(in physics and technology), the variation with respect to time of quantities that describe some regular process. It is produced by an external influence. The modulation of electromagnetic oscillations in the radio-frequency and optical bands is of great practical value. The operation of all electron devices is based on the modulation of an electron flux. Thus, in electron tubes the density of the electron flux is modulated, and in television picture tubes the intensity of the electron beam that bombards the screen is modulated. In klystrons and other superhigh-frequency electron devices, modulation of the electron velocity is used. Modulation is extensively used in measurement technology; preliminary modulation of the quantity being measured can increase the sensitivity of the apparatus and improve the accuracy of measurement.

modulation

[‚mäj·ə′lā·shən]
(communications)
The process or the result of the process by which some parameter of one wave is varied in accordance with some parameter of another wave.
(mechanical engineering)
Regulation of the fuel-air mixture to a burner in response to fluctuations of load on a boiler.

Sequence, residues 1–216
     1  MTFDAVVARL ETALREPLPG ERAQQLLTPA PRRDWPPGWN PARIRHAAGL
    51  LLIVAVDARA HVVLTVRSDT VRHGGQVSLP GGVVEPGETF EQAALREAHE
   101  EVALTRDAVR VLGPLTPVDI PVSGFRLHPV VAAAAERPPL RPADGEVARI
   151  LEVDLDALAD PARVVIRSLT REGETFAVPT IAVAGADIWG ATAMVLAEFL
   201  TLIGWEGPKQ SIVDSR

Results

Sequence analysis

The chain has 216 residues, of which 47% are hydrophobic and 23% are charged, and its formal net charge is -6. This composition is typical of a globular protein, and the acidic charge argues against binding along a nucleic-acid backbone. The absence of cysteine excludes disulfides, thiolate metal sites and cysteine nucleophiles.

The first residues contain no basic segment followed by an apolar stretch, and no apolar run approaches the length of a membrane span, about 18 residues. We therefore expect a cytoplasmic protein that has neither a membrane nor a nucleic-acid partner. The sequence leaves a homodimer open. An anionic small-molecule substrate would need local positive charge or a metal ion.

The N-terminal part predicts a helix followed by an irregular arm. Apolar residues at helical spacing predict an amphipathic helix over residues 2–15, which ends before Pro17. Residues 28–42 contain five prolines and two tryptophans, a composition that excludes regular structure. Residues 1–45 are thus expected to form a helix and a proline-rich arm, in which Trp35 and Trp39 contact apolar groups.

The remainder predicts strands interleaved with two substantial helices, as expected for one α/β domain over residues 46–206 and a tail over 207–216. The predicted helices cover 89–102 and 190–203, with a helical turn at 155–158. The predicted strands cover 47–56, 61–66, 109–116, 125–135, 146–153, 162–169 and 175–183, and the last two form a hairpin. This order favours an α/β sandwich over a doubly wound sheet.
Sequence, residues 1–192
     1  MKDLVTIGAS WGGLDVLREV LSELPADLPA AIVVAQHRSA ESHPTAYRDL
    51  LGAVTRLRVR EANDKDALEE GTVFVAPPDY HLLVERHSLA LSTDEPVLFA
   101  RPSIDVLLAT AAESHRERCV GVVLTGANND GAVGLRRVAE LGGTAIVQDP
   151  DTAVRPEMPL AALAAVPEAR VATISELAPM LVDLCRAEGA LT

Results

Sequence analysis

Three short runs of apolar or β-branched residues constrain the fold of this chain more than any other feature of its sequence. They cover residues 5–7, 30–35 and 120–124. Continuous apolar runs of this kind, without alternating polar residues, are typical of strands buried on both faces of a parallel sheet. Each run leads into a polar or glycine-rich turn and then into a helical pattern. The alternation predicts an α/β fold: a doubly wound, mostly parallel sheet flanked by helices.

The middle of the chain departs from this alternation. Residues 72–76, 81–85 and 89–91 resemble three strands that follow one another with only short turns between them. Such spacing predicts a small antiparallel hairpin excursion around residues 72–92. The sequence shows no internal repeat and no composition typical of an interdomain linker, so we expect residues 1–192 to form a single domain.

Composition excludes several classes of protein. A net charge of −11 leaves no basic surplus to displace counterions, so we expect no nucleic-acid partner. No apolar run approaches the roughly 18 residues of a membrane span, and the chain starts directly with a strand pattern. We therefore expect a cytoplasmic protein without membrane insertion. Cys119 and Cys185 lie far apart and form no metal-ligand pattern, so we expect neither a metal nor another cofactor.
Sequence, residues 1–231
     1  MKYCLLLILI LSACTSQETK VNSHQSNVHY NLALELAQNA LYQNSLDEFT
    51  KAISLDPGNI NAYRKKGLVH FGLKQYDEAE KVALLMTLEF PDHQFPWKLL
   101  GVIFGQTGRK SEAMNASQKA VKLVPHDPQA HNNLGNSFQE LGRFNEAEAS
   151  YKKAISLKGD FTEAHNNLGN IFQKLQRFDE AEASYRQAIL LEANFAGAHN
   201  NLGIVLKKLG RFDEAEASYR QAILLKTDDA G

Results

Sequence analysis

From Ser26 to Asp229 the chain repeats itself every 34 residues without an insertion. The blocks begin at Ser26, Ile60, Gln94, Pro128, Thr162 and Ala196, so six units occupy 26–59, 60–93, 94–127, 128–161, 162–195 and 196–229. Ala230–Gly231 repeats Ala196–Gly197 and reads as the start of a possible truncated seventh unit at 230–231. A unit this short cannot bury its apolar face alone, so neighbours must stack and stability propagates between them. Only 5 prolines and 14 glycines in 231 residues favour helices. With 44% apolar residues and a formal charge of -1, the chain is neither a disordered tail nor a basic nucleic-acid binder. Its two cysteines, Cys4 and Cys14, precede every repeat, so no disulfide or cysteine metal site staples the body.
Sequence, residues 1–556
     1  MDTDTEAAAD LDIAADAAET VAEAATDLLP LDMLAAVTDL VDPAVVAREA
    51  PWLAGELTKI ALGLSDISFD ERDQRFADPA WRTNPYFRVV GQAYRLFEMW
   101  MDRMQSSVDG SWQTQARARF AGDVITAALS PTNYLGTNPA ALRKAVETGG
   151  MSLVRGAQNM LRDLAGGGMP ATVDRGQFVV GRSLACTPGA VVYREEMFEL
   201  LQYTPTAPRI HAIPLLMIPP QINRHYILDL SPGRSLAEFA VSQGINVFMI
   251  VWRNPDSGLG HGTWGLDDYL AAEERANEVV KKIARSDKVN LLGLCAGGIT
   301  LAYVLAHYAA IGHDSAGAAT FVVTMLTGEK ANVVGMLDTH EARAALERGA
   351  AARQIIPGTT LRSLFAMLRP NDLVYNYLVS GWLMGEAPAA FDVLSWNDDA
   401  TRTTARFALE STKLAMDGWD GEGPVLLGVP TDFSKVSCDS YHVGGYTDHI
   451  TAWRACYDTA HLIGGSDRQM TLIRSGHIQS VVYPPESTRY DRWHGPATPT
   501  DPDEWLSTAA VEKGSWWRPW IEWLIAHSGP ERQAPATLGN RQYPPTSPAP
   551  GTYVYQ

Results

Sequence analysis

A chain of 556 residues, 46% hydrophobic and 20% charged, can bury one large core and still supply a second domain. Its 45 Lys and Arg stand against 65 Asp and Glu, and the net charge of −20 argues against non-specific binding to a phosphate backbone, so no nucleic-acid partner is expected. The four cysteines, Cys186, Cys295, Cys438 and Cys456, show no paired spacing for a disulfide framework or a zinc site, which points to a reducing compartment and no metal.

modulation

modulationclick for a larger image
modulationclick for a larger image
The variation in the value of some parameter characterizing a periodic oscillation. Specifically, the variation of some characteristic of a radio wave, called the carrier wave, in accordance with instantaneous values of another wave, called the modulating wave. Variation of the amplitude is amplitude modulation, variation of the frequency is frequency modulation, and variation of the phase is phase modulation. The formation of very short bursts of a carrier wave, separated by relatively long periods during which no carrier wave is transmitted, is pulse modulation. It is the process by which the characteristics of a signal wave carrying intelligence are impressed upon another wave—the carrier wave.